As Melania and Barron Trump moved into the White House this past weekend, Barron became the first son of a president to live in the residence since John Kennedy Jr. played under his dad’s desk in the early 60s. For over half a century, the White House residence has been the domain of daughters; nine of them to be exact. The sons of presidents, including future president George W. Bush, have all been too old to live with their parents. It’s a statistically unlikely streak.
Currently, in the United States, the odds of having a boy are slightly better than having a girl: around 51 percent. There’s a tricky explanation for why this is the case. That’s because, at conception, the ratio of male to female embryos is pretty much even. So what’s happening? A 2015 study found that more female fetuses are lost during pregnancy, bumping the male birth rate a tad higher. Things get even more interesting considering that individuals who’ve traditionally run for the office are powerful men. According to the Trivers-Willard hypothesis, evolution should allow more boys to be born to men and women who have the resources to ensure that they will thrive and propagate the family genes. That’s a controversial thesis, to be sure, but one that has seen minor consistent support since it was first proposed in 1972.
So given a higher birth rate for males and the possibility that more males will be born to men and women of high status, it would be safe to assume that there would be more Barrons and Johns in the White House than Chelseas and Jennas. But, even If you look at the current living children of recent presidents, the higher male ratio does not play out.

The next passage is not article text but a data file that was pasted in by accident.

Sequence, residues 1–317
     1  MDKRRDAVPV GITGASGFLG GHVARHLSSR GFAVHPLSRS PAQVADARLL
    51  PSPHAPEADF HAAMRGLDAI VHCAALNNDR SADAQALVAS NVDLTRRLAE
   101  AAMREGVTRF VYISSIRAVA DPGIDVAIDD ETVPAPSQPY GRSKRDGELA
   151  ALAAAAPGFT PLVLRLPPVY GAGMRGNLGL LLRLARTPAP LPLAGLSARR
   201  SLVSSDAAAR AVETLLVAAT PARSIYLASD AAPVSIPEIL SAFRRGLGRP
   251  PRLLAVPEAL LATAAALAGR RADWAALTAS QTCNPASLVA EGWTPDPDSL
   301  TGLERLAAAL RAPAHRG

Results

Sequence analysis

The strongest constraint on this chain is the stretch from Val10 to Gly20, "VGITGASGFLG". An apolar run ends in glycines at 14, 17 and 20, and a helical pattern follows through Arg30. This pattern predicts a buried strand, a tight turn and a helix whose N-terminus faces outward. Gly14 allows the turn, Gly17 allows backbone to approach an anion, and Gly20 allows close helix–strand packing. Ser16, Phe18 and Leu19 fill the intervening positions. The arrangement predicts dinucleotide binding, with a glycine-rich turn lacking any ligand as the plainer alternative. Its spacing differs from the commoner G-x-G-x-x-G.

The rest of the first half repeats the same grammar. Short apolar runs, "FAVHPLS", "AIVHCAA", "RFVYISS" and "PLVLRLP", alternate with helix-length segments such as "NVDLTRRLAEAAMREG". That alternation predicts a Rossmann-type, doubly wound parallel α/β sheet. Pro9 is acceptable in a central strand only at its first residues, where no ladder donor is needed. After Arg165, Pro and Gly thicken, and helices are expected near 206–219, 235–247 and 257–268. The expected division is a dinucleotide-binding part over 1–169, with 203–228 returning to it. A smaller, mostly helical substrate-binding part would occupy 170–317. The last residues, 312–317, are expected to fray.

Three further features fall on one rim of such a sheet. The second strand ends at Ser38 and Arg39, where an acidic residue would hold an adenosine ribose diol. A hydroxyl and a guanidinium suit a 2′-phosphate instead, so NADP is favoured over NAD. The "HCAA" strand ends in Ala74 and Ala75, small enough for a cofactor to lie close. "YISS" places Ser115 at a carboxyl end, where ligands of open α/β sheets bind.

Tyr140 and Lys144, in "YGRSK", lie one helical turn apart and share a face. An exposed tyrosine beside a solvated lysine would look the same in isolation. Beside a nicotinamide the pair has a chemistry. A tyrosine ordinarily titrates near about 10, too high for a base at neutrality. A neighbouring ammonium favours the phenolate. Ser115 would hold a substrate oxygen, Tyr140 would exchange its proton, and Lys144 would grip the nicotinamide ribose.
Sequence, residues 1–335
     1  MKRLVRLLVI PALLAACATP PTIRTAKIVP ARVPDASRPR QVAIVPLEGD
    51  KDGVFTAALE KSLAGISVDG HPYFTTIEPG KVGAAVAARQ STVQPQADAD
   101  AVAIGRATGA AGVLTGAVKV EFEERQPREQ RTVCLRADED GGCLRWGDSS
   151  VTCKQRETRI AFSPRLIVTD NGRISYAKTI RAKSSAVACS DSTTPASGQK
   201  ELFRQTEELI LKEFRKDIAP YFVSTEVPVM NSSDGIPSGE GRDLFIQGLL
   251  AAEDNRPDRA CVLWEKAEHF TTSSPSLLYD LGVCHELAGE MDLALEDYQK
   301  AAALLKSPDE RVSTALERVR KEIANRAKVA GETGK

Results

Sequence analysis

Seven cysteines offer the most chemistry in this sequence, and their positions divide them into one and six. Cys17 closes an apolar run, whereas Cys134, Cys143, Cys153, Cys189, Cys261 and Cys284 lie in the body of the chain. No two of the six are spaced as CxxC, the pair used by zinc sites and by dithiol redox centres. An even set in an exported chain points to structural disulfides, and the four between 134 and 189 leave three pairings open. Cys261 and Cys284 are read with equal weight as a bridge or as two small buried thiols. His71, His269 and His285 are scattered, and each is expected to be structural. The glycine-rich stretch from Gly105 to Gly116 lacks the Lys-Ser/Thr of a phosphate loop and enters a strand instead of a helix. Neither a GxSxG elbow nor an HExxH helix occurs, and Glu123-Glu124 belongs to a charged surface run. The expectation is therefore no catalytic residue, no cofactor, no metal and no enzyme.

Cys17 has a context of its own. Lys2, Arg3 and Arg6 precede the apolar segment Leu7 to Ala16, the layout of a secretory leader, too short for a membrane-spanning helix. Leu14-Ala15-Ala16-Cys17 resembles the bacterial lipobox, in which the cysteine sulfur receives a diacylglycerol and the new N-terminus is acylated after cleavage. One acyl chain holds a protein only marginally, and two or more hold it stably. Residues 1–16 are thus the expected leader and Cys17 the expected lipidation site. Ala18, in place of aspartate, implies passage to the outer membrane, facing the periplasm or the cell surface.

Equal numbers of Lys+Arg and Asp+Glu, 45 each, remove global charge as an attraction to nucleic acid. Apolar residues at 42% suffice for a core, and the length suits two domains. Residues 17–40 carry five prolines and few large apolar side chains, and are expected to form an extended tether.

There are 16 female and 15 male presidential progeny currently living. The oldest is 73-year-old Lynda Bird Johnson. The youngest is 11-year-old Barron. Those stats look about right, but don’t think that politicians don’t consider the optics of childhood. During the 2008 election, a leaked email from a Clinton adviser pointed towards the run of young daughters in the residence, describing it as “another historical trend working against Mitt Romney and his brood of sons.” The email read noted that, in the last 80 years, a president without a daughter has been elected precisely once.
There could be a couple things at play here. It turns out that there’s some research suggesting that people in positions of high stress are more likely to have daughters. Politics is clearly a high-stress game. Moreover, older men and women are also more likely to sire daughters. Most presidents are well beyond their 40s by the time they reach office. And that’s another factor working against having first sons in the White House.
There’s also a possibility that voters have become used to the idea of a first daughter for cultural reasons. Or maybe the country is still being haunted by the last brothers to lived in the White House—the sons of Roosevelt, who nearly tore the place down with their antics.